Bad dancer trait: Coordination Woes
Have you ever been to a class and no matter what you do, people are moving in the opposite direction to you? Did you even notice?
Now it’s possible you have beat deafness, but it’s also possible that there are problems with coordination and movement perception.
If you are struggling like the lady in the above video (though she seems to be having a great time), here is some insight into movement perception.
Co-ordination affects many of us when we are learning something new. Toddlers don’t give up on trying to walk and neither should we! Co-ordination and balance exercises are easy to find so we’ll give you a head start here.
For a more dance-centric approach check, ‘Dance with Brandee‘ for some more, solid ideas.
Now that we have looked at reasons why people are bad dancers, let’s look at some solutions.
Solution 1: Find an expert and attend a class
When you feel sick, you go to the doctor. When your car has problems, you go to a mechanic. If you’re struggling with dance, you might need some tuition.
We have found that private tuition gets results most quickly, but appreciate that may not suit everyone’s finances. A public class may be best for you and we made a list here of things to consider when selecting a class for you. Being at a class will also introduce you to new people which means you’ll be surrounded by like-minded souls. Chances are, your teacher will be invested in building your confidence on the merit of what you achieve, so just go for it!
If you’re ready to take the plunge, visit our classes page here.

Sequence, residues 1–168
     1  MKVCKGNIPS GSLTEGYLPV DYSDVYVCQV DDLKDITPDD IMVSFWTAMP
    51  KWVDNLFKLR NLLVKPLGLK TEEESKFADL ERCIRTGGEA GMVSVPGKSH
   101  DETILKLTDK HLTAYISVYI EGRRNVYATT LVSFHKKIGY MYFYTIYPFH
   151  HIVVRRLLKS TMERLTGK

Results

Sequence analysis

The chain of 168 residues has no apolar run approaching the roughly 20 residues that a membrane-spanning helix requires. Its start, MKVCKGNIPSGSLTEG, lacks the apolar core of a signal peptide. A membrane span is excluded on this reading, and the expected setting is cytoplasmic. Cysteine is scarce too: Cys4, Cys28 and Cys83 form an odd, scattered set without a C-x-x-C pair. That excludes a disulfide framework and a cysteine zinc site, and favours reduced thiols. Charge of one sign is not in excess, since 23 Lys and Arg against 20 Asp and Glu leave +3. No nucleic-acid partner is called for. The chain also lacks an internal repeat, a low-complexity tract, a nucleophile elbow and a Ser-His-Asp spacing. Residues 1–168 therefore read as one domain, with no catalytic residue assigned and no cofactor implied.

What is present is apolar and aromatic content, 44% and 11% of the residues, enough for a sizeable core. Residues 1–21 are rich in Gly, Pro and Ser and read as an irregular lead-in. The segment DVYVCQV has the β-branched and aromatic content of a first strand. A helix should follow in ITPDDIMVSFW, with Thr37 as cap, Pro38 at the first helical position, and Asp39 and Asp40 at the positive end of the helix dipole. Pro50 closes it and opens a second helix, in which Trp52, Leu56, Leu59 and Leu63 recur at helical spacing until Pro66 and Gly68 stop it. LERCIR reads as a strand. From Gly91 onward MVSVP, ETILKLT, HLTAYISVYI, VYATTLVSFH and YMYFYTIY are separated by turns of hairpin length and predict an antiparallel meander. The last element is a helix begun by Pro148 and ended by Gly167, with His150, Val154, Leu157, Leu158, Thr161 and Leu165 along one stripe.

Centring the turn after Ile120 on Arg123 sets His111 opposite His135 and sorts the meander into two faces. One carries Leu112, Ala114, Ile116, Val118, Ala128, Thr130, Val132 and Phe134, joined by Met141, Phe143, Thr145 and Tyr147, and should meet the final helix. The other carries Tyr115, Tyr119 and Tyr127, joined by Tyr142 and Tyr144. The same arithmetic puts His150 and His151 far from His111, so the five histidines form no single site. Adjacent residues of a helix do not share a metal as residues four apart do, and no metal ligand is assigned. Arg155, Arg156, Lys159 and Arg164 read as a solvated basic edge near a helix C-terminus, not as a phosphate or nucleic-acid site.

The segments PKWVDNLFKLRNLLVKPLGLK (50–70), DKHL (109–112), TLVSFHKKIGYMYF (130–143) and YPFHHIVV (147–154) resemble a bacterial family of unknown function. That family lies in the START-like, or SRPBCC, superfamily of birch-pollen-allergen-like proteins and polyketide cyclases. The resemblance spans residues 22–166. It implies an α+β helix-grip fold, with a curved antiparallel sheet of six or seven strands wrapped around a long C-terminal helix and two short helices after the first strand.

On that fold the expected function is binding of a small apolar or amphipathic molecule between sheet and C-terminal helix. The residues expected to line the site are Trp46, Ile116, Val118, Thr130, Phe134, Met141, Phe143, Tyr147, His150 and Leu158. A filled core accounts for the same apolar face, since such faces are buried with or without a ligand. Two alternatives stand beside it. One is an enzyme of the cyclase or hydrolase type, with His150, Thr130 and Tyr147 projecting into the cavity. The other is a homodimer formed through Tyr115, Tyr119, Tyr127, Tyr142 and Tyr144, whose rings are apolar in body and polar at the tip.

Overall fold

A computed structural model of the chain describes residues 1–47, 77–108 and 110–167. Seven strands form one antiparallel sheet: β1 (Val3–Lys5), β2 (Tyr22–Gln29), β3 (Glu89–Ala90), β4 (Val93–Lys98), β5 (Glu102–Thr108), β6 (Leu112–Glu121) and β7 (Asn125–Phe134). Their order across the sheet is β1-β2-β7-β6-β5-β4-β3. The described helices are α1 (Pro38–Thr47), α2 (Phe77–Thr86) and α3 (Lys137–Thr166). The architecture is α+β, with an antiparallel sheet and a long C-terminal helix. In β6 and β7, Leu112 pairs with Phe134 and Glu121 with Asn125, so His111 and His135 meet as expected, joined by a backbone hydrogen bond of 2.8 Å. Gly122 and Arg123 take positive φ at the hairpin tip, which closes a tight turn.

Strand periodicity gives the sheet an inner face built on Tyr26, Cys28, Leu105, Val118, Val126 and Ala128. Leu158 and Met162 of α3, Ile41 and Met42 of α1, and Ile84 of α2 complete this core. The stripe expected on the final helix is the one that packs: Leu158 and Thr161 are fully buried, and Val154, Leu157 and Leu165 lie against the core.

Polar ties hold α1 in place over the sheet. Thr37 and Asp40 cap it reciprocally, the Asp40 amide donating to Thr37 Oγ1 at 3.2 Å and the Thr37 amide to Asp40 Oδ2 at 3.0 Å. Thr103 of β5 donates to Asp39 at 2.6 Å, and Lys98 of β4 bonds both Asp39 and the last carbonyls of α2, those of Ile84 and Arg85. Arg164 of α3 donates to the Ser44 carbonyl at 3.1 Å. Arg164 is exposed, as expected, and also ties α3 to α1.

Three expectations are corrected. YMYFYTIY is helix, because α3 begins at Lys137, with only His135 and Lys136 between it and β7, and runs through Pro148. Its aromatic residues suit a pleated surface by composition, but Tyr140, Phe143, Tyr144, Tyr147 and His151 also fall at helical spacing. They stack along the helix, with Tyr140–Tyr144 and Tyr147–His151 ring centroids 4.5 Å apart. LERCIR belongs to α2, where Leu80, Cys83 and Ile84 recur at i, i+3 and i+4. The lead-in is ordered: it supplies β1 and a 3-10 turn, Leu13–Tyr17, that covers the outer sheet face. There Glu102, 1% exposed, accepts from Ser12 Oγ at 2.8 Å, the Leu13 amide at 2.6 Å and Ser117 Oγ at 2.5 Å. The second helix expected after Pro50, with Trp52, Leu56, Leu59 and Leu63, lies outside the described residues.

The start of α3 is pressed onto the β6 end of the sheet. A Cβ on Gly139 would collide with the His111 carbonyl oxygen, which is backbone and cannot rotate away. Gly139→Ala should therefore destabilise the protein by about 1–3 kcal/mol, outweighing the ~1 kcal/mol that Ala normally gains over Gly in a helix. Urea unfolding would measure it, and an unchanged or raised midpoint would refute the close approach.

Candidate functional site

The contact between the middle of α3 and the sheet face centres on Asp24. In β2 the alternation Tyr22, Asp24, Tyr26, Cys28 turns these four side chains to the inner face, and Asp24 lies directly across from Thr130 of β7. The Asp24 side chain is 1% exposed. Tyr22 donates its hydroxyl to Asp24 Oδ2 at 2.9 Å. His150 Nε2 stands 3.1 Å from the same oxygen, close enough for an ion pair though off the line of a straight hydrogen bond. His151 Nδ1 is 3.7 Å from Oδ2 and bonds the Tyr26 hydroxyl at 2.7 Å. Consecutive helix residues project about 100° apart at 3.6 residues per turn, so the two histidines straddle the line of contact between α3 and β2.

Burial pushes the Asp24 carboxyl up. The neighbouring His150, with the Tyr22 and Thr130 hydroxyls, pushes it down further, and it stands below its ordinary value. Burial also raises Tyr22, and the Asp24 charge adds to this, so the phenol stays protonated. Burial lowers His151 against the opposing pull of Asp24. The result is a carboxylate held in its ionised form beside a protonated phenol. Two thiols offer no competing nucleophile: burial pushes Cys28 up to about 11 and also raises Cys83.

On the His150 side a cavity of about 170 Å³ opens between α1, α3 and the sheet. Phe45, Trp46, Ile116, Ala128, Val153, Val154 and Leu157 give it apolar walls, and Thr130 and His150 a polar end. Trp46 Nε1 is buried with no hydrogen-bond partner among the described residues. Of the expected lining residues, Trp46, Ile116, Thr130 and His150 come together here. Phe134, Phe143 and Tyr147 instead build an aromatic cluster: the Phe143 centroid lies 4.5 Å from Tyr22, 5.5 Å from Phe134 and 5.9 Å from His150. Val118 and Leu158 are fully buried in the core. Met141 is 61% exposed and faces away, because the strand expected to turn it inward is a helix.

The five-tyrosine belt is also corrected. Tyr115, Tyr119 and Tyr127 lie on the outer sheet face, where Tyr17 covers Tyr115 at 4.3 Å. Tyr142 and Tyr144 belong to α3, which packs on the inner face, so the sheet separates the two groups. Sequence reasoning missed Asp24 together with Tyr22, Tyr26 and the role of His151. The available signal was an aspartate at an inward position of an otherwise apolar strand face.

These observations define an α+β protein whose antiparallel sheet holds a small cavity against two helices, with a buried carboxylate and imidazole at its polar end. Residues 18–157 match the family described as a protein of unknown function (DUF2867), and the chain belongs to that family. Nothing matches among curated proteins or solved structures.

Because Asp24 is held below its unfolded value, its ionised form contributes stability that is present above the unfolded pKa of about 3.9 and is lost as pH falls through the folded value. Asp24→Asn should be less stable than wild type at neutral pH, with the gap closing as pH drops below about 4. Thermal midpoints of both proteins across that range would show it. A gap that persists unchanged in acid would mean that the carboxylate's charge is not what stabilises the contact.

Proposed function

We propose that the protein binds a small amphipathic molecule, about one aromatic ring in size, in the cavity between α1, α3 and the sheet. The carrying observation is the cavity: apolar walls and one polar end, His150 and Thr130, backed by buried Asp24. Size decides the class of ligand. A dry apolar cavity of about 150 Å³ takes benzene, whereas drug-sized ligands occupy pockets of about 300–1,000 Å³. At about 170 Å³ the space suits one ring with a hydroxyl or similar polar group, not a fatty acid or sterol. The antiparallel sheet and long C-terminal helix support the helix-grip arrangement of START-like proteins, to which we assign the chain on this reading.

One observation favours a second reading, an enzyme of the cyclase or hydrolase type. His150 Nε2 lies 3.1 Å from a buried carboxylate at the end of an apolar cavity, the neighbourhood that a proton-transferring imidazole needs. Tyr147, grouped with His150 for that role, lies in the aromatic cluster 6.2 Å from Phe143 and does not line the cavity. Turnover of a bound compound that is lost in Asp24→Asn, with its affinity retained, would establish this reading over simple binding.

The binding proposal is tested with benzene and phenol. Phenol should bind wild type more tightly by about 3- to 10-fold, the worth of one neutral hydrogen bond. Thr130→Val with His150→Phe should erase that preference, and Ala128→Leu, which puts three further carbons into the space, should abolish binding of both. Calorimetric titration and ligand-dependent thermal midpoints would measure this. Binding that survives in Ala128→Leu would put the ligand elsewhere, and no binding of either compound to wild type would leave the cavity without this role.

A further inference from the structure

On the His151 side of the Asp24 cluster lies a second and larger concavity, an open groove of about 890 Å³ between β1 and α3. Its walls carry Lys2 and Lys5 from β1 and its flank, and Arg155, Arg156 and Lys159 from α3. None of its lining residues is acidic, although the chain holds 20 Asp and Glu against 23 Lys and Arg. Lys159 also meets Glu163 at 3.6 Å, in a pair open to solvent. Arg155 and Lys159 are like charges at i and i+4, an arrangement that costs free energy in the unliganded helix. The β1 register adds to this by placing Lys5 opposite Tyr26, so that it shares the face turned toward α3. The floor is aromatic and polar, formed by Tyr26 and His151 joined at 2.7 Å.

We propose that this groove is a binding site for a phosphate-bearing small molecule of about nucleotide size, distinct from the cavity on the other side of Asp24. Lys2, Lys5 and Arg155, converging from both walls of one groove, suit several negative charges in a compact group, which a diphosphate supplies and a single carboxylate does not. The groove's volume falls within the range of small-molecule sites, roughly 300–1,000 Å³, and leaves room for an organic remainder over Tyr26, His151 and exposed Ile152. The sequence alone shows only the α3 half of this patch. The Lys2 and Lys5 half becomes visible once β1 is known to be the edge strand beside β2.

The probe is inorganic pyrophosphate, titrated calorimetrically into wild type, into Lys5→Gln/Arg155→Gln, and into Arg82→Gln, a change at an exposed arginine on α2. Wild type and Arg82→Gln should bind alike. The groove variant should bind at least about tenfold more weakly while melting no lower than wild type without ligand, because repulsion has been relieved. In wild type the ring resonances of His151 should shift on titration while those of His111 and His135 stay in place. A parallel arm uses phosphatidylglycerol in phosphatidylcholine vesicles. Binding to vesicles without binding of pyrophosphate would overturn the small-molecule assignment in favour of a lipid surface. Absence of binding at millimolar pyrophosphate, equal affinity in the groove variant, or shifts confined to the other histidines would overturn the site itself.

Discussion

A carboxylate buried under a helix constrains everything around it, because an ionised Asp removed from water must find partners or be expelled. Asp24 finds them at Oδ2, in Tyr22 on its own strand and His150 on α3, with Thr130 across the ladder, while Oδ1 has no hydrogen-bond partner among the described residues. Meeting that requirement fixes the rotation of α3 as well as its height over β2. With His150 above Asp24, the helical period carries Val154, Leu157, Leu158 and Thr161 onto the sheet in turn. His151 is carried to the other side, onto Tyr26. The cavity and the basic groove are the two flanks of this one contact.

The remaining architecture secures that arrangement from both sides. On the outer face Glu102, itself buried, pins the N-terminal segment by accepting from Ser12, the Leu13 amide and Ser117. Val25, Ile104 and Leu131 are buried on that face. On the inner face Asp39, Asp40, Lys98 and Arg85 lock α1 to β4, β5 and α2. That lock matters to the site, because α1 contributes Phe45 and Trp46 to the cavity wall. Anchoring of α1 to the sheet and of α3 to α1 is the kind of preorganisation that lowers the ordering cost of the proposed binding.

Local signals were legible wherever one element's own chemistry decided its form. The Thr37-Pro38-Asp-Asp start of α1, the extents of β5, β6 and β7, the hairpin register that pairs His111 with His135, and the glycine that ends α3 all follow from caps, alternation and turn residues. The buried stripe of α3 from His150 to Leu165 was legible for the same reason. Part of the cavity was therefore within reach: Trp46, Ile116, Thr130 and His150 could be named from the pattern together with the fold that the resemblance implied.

Solution 2: ‘Start with 2’ (movements)
Contemporary / pop music is repetitive. This is what makes songs catchy and helps us to remember them. When you turn on the radio, you can bet that what you hear is going to be designed to ‘hook’ you and even if you hate a song at first, you won’t be able to help but sing along at a party.
Because contemporary music is typically built on an ‘8 count’, if you count to 8 in time with a song, it’s likely that it will coincide with a musical phrase. This is expanded on in this brilliant article at ihatetodance.com!
Now that we can hear the beat,we’ll need to find 2 movements we can repeat over and over again until they become second nature. Remember earlier when we spoke about two-stepping before you leave fo work? This is how you’ll build confidence in your rhythm, balance, expression and much more.
If you find you are getting positive results, you can increase your movement vocabulary to 4 or even 8 different moves within an 8-count time span. Remember, please, to return to ‘the basic’ if you lose your way. Now we’re getting somewhere!
As you’ll notice from the video above, DJ Khaled starts with a simple side-to-side bounce which is a 2-count. He DOES lose the rhythm temporarily as he becomes more adventurous on the side of the pool, but regains his form. This is how we want you to practice (just without the pool).
Solution 3: Stop asking people’s opinion (for now)
Often, many of us think we’re bad dancer’s because someone else called us a bad dancer. Remember, as we outlined above, only certain people’s opinion should count and even then, we don’t have to be held by them.
As DJ Khaled has shown us, anything you do with confidence is going to attract others and it becomes our trademark. Take your time and consult those who have your best interests at heart (i.e. your dance teacher). As we grow in confidence, we can spread our wings, try some more daring stuff and ‘put ourselves out there’. Whether this is online or on the dance floor, the reaction of the audience will often tell us all we need to know…if we even care what they think!
Honestly, let’s just do what we like *shrugs*
Conclusion – Bad dancer, be gone
We hope you have found this article to give you greater perspective on what a ‘bad dancer’ is and also, that bad and good are in the eye of the beholder.
Yes, we’re going to sign-off with DJ Khaled showing you we can dance to ANYTHING 😀